The Prius Drive Thru team recently celebrated their tenth wedding anniversary by renewing their vows in front of Mayor J. Richard Gray, Mayor of Lancaster, Pennsylvania, their home. Russell Frost is a professional photographer. Kimberly Frost is a retired Federal employee. They both love car trips and have already spent thousands of miles together on the road.
It’s not a reality show, it’s real. Prius Drive Thru will provide real data on the new Toyota Prius and genuine experiences that will be valuable to anyone who wants to pack up the car and take a few days off somewhere in America. Prius Drive Thru begins July 14th in Lancaster, Pennsylvania and will conclude on August 12th when the Frost’s return home.
Official Prius Drive Thru Facebook page:
Official Prius Drive Thru Twitter feed:
You can also follow the trip at:
July 14th Toledo, Ohio
July 15th Racine, Wisconsin
July 16th, 17th, 18th Madison,Wisconsin (Green Drive Expo)
July 19th Sioux Falls, South Dakota
July 20th Rapid City South Dakota (Mount Rushmore)
July 21st, 22nd Yellowstone National Park
July 23rd Burns, Oregon
July 24th Crater Lake National Monument
July 25th Fort Bragg, California
July 26th Napa, California
July 27th, 28th San Francisco, California
July 29th Yosemite National Park
July 30th Torrance, California (Toyota US headquarters)
July 31st, August 1st Rancho Bernardo, California
August 2nd, 3rd San Diego, California
August 4th Sedona, Arizona
August 5th Santa Fe, New Mexico
August 6th White Sands National Monument
August 7th Oklahoma City, Oklahoma
August 8th Little Rock, Arkansas
August 9th Nashville, Tennessee
August 10th Asheville, North Carolina
August 11th Staunton, Virginia (Blue Ridge National Forest)
August 12th Lancaster, Pennsylvania
Posted on July 6th, 2009 1 comment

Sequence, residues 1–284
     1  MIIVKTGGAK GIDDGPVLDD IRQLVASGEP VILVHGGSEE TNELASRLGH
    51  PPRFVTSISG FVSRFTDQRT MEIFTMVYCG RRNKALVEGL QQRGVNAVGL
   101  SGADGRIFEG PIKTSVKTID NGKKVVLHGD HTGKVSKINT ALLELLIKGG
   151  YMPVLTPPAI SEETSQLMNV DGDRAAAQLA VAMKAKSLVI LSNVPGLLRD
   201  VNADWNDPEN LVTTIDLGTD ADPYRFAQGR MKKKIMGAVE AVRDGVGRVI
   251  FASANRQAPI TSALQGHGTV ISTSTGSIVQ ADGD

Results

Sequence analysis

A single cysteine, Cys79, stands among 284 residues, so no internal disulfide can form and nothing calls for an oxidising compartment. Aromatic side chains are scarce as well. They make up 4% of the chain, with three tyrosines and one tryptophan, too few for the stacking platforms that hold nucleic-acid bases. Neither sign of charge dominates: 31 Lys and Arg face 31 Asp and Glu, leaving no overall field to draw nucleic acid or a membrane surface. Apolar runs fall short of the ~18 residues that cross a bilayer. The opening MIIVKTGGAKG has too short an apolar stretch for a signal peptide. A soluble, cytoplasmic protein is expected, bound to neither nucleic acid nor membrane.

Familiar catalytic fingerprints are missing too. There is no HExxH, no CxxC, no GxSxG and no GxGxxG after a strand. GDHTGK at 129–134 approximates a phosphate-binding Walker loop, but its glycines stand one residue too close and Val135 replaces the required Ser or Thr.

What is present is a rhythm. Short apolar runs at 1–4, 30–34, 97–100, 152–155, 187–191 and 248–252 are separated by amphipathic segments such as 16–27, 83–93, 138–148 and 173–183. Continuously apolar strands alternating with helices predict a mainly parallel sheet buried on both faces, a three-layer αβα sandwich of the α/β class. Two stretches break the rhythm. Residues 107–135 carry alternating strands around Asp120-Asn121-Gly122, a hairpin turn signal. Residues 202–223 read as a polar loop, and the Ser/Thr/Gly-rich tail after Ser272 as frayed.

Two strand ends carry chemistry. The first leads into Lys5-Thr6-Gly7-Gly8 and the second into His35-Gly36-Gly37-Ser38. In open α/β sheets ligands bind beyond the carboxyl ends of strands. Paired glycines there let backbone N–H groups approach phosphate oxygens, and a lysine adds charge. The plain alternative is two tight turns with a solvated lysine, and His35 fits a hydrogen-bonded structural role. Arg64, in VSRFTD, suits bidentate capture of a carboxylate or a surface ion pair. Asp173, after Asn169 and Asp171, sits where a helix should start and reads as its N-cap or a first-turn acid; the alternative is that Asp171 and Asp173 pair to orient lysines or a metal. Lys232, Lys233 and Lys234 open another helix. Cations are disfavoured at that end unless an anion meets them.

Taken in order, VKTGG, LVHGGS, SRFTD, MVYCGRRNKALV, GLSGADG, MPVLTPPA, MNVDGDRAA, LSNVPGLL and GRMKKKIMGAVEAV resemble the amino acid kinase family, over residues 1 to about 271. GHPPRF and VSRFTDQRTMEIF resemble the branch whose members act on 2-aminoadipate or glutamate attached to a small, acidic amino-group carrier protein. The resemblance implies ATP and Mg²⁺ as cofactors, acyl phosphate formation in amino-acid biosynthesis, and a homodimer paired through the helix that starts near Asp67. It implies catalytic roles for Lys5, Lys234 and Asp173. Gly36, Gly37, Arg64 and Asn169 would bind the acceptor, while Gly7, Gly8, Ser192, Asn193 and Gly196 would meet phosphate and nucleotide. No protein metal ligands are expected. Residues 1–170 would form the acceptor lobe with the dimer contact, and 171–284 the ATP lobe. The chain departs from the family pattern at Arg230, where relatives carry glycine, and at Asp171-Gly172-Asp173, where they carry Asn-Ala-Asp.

Multiple news sources report that a “mass produced” Prius plug-in model will be available in 2012. The reports claim Toyota will be producing 20,000 to 30,000 plug-ins for general per year at that point. Further details weren’t offered but it’s almost certainly a Lion cell based plug-in.
My main concern with a plug-in Prius is the weight of the vehicle. I think the Prius is too large and too heavy to be a successful plug-in with battery technology where it is right now. If Toyota was talking about a smaller, lighter vehicle, I think making it a plug-in would make more sense. But that’s just my opinion and it will be very interesting indeed to see what Toyota comes up with.
Posted on June 16th, 2009 No comments
But I have the oldest Toyota Prius made. Check out “My Toyota” page…
I have to think this car is worth millions.
Posted on June 4th, 2009 1 comment
Bloomberg spends so much of its time chasing its tail I’m not sure what to make of this report. Check it out and tell me what you think.
Posted on June 1st, 2009 No comments
According to a recent study conducted by JPMorgan, hybrid sales are about to take off. Last year, there were some 480,000 total hybrid vehicles sold around the world, which represents less than 1% of global sales. By 2020, though, JPMorgan predicts that 11.28 million hybrids will be sold annually, representing over 13% of all vehicles sold.
Much of that increase in sales will be attributed to the United States, as the report suggests that hybrids will capture nearly 20% of total market share in this country. The study suggests that the increase in hybrid vehicle sales will be influenced by such factors such as increased pressure from government agencies to reduce fuel consumption and overall vehicle emissions, as well as a drastic reduction in the cost of hybrid technology.
This is the kind of linear, conservative thinking that looks really bad in hindsight. To wit, who knows in the next ten years what developements will allow us to deploy a better generation of fully electric vehicles? Who knows in eleven years what gasoline will cost and how we will feel about burning petroleum for personal automobiles when we need petroleum for so many other things? I don’t know and frankly, I don’t think the folks at JPMorgan do either. Some egghead there, possible the same one who thought in 2007 that our economic expansion bubble could never end, is just extrapolating hybrid sales and voila! Hybrids should be 20% of the market in 2020.
It’s possible they’re right but the truth is, that’s probably way off. It’s just as likely that hybrids will be 70% of the new car sales market in 2020 with the other 30% being EVs. We don’t know and what will determine are factors no one, not me, certainly not JPMorgan, knows about.